On January 29, 2013, the U.S. District Court for the Western District of Virginia denied an architect's summary judgment motion on statute of limitations grounds, holding that the National Fair Housing Alliance (NFHA) and Paralyzed Veterans of America (PVA) may proceed with claims that the architect is liable for violations of the design and construction requirements of the Fair Housing Act at apartment buildings in North Carolina and South Carolina, even though the architect's work on one project ended more than two years before suit was filed.
The central question in the summary judgment proceeding was whether NFHA and PVA could employ the "continuing violation" theory to hold the architect liable for noncompliance at a North Carolina property where construction was apparently completed four and one-half years before the litigation was filed.
The court held that the Ninth Circuit's decision in Garcia v. Brockway has no bearing on a case in which there is at least one discriminatory act within the statute of limitations, and where the claims are based on that act and not on the "continuing effects" of inaccessible design or construction outside the limitations period. The decision also explicitly holds that architects are subject to the Havens continuing violation theory, just like builders, developers, owners and managers.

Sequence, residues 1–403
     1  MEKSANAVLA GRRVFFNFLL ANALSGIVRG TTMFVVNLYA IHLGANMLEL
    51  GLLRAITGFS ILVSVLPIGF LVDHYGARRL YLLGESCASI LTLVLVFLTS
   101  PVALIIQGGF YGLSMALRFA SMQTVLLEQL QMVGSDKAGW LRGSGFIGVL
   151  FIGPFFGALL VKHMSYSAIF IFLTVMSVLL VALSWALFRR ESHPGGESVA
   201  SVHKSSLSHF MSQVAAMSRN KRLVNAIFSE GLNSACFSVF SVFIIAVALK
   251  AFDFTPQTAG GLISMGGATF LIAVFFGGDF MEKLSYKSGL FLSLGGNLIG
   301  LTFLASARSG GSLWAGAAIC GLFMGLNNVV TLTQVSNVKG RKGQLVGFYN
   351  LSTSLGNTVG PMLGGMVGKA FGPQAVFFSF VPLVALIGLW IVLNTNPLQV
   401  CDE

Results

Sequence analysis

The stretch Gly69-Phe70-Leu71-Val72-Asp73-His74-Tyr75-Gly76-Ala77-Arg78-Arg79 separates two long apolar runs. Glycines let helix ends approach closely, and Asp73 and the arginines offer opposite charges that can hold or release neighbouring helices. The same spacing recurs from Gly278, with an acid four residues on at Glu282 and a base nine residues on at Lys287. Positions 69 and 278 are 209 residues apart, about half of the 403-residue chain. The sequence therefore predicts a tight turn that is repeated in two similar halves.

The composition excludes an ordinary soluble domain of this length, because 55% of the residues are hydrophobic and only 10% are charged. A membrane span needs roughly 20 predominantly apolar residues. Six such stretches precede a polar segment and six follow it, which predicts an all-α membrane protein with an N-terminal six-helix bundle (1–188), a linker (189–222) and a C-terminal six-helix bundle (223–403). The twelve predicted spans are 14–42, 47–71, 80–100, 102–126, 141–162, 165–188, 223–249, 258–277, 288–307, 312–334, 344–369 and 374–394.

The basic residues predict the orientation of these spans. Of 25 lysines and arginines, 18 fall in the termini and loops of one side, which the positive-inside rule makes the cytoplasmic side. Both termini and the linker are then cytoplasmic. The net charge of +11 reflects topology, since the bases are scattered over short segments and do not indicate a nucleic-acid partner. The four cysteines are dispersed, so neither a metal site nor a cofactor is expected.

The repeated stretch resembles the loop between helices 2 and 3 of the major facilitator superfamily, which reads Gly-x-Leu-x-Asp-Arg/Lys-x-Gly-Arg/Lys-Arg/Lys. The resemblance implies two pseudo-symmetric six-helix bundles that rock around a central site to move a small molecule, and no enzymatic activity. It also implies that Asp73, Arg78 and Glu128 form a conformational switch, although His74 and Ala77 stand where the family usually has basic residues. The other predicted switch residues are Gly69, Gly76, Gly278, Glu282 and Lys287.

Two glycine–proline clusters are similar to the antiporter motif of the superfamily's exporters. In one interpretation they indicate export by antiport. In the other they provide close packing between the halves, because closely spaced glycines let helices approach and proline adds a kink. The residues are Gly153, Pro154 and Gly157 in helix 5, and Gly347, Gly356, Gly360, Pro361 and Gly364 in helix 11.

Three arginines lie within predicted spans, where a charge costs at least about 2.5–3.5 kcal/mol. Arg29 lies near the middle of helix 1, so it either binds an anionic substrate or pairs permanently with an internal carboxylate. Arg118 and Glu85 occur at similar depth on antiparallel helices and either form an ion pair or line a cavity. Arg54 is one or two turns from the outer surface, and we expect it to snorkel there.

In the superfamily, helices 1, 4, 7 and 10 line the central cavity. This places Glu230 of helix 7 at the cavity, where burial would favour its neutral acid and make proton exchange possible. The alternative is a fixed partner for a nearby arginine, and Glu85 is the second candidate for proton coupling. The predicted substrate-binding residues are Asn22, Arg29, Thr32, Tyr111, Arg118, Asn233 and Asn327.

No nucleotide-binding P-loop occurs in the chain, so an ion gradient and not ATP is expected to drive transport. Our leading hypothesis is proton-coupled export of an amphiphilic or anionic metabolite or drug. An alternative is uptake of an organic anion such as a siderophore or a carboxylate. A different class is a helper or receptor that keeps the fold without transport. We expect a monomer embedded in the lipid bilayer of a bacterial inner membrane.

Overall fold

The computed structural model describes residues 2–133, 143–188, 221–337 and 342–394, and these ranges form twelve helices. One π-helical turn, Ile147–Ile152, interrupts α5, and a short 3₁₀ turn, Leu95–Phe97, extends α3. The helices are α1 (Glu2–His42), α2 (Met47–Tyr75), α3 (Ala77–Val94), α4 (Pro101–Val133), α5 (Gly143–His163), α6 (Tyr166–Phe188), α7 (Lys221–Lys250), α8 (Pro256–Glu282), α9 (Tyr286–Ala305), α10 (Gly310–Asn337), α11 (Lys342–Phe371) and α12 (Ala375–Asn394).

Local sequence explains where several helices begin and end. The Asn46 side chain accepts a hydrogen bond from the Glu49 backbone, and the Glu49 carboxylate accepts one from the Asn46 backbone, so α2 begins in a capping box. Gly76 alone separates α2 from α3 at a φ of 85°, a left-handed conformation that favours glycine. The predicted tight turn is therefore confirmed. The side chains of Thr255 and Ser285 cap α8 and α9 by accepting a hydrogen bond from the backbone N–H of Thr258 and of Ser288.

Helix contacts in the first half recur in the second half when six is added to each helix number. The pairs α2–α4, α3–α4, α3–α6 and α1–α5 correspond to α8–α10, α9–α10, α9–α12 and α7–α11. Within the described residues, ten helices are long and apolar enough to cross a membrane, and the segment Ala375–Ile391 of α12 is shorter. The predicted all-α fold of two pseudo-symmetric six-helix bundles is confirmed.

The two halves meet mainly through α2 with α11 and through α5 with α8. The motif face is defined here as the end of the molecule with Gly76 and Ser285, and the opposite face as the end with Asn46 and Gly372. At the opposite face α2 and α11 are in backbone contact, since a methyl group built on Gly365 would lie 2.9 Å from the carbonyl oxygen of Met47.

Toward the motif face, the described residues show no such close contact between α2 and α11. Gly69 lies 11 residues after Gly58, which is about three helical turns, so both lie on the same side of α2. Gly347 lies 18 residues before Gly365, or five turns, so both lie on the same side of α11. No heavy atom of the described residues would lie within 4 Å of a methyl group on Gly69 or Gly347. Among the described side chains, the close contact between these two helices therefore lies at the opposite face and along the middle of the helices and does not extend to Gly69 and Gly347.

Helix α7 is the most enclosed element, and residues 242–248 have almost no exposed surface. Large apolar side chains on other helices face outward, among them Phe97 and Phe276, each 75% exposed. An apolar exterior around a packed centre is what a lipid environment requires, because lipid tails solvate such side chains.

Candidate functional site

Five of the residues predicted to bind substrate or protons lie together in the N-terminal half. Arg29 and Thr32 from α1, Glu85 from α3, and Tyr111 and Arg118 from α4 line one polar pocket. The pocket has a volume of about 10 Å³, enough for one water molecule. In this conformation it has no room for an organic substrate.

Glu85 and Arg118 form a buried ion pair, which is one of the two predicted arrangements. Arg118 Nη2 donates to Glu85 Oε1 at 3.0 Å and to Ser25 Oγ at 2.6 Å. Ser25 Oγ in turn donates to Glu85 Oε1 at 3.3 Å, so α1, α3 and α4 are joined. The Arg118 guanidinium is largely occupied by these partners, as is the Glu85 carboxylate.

The decision also distinguishes "single property" design and construction cases, like Garcia, from claims involving multiple properties, holding that the continuing violations theory can apply across properties and bring otherwise time-barred properties before the court. Finally, the decision recognizes that an architect hired to administer the construction phase likely cannot have its limitation period commence until the very last elements of construction are completed.